Last week, the head of Canada’s housing agency made a startling prediction that home prices could fall up to 18 percent in the next year as a result of the economic devastation caused by the COVID-19 pandemic.
Canada Mortgage and Housing Corporation (CMHC) President Evan Siddall’s comments during testimony before the House of Commons Finance Committee were widely reported by media across the country (including this publication).
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The media frenzy inspired by the comments was not surprising due to both the source of the warning and the scale of the decline Siddall warned of — even his low-end prediction was a nine percent price dip.
The CMHC is Canada’s public mortgage insurer and responsible for hundreds of billions of dollars in assets. So when the president of Canada’s largest Crown corporation makes a dire prediction like this one, it gets picked up, not just nationally, but beyond the country’s borders as well.
An article published this week by Australian business daily The Australian Financial Review, carried the headline ‘Canadian housing market to crater amid pandemic’ and cited only the CMHC’s recent commentary on the pandemic’s housing market impact.
But since Siddall’s House of Commons testimony was reported, several prominent industry voices have criticized the claim, zeroing in on the potential worst-case scenario 18 percent price drop figure.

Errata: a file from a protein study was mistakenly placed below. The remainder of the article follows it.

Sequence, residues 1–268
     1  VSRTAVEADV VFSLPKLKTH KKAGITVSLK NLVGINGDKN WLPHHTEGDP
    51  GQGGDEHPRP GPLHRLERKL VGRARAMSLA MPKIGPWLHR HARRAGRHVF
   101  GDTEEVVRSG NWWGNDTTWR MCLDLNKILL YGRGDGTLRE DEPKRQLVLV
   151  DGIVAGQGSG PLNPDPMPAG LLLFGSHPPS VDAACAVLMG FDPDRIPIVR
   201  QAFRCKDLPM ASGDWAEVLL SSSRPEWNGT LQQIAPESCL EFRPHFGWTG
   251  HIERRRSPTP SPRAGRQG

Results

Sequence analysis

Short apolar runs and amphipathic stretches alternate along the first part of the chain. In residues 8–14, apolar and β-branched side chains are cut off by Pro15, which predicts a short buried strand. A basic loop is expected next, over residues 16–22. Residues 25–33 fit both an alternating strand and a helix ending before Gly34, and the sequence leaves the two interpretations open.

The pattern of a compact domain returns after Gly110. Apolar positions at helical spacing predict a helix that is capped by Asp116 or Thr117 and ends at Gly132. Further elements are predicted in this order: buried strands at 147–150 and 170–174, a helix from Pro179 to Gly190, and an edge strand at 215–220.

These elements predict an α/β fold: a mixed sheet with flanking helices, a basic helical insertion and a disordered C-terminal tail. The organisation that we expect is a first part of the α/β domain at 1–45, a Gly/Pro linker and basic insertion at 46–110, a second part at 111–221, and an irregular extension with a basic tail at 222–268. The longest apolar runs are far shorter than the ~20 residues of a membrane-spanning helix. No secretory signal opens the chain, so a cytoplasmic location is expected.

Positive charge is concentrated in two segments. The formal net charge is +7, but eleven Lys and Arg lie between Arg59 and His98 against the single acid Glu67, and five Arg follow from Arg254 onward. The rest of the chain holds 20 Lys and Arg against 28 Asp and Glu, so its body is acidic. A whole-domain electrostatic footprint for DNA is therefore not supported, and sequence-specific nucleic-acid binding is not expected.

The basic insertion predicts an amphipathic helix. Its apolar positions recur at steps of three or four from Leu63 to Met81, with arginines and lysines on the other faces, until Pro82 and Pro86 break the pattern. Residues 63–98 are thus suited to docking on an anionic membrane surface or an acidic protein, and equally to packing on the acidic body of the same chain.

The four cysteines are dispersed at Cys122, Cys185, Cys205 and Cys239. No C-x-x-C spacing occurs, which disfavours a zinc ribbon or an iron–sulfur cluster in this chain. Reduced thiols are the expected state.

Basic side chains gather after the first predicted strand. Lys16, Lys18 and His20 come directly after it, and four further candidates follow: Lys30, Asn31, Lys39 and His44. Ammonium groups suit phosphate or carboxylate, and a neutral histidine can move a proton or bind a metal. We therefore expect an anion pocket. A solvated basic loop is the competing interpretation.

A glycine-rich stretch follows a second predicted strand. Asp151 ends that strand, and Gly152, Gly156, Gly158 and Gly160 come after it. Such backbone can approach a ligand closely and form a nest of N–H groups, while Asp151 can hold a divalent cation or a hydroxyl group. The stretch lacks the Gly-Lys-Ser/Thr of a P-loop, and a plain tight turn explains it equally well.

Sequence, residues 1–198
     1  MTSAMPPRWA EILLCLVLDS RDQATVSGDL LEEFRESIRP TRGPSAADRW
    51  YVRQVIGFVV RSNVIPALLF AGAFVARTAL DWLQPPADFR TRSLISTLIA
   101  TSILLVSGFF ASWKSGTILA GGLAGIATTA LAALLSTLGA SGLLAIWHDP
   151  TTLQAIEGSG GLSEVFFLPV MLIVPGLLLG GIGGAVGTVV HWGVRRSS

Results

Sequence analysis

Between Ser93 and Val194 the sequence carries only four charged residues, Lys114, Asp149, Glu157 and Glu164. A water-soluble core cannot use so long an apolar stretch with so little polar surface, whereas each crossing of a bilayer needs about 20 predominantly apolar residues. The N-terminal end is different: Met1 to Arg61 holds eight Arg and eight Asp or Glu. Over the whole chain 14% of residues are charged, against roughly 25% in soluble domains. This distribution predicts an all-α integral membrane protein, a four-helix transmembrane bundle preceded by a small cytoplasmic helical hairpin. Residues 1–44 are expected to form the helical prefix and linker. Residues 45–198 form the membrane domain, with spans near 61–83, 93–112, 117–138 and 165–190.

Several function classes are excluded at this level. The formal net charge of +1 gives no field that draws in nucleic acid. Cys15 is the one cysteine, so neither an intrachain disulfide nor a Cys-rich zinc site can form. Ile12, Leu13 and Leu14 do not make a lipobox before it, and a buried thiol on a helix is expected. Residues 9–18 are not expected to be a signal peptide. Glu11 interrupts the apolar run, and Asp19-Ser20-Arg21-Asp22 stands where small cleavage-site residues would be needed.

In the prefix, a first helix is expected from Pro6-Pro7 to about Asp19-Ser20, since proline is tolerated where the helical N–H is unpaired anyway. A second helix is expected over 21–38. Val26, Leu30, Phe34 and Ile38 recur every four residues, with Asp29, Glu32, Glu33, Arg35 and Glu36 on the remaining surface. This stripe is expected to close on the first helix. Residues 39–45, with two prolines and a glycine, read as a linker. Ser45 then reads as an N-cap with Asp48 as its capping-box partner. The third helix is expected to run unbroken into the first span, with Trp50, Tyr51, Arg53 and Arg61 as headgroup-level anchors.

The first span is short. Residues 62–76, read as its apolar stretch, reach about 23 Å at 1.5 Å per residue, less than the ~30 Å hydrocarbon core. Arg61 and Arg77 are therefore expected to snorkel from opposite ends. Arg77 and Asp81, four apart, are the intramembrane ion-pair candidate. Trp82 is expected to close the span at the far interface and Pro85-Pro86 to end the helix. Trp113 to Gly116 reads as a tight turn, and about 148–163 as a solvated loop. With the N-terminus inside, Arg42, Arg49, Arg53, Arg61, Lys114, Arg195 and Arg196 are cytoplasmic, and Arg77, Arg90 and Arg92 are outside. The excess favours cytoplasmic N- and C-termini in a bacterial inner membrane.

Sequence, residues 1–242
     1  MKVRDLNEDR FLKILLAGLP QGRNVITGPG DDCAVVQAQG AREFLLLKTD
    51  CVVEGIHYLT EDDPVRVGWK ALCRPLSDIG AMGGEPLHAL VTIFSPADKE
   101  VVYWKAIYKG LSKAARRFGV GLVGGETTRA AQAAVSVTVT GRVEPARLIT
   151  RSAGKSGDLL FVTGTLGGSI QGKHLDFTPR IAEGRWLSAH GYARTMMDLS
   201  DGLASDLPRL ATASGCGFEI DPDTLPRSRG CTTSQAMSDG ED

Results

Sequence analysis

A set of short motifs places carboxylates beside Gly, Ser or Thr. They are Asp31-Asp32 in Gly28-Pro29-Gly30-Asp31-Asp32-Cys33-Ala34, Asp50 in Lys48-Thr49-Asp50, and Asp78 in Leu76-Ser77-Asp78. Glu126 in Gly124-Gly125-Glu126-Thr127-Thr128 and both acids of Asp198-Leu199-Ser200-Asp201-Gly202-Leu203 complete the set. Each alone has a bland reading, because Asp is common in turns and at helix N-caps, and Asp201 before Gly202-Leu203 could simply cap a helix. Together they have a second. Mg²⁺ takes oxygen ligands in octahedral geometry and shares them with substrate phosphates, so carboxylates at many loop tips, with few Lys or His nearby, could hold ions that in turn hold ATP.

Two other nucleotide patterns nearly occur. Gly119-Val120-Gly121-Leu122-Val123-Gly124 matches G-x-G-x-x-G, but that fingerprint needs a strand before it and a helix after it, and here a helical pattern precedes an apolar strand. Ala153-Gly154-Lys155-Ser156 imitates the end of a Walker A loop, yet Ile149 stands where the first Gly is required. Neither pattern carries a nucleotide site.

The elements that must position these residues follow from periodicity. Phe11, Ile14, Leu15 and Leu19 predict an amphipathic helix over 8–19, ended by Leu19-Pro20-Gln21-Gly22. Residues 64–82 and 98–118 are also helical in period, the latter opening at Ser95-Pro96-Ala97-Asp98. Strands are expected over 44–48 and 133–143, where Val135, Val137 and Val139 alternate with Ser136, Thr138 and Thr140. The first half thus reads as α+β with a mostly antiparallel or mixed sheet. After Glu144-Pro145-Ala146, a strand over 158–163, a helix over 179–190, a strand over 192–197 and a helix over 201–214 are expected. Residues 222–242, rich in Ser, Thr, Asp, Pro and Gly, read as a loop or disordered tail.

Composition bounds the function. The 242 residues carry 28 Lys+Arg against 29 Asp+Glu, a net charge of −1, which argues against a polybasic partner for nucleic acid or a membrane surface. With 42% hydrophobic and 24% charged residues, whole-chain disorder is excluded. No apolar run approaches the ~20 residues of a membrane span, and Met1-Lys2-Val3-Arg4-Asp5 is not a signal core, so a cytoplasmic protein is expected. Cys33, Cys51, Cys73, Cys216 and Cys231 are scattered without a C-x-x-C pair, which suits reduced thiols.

Brokerage RE/MAX Canada was quick to jump on the claim with a blog post titled ‘No Nosedive Ahead for Canadian Real Estate Prices.’ In it, the brokerage cited economists from several large Canadian banks who believe the market is at risk of a milder 5 to 10 percent decline as things currently stand.
“RE/MAX brokers in some of the biggest Canadian real estate markets say a dramatic price drop is unlikely under current conditions, barring any major unforeseen circumstances — and as we’ve all come to learn recently, anything is possible,” the brokerage said in the blog post.
“But assuming current market conditions remain stable, the current inventory of homes for sale continues to fall short of demand — even amidst this pandemic, social distancing measures and the economic fallout,” the blog post continued.
Stephen Brown, an economist at Capital Economics, cautioned that the CMHC forecasts are “not as alarming as they first seem” but the “very public warning” from the Crown corporation could become self-fulfilling. He went on to note that his firm’s forecast pegs the pandemic-induced fall in Canadian home prices at 5 percent.
Further, he explained that the CMHC is looking at declines to average selling prices, while Capital Economics makes forecasts based on the Teranet-National Bank Home Price Index. The difference is that predictions based on selling price look simply at the average sale price for all homes sold during a particular period, while the Home Price Index-based forecast looks at the price change for any given home over time.
“This is an important distinction, because changes in average selling prices and changes in like-for-like house prices can be very different in downturns,” Brown wrote.
“As we have already seen in the home sales data for April, during market downturns the proportion of higher-value homes that are sold often falls significantly. That in turn pulls down the average selling price,” he added.
In its blog post, RE/MAX Canada highlighted the regional diversity in how markets will experience the pandemic fallout and subsequent recovery. The brokerage said a five percent price correction is possible in Vancouver while prices appear to be stable so far in Toronto. Alberta’s major markets are expected to be hit hardest as they grapple with an oil price shock significantly impacting employment.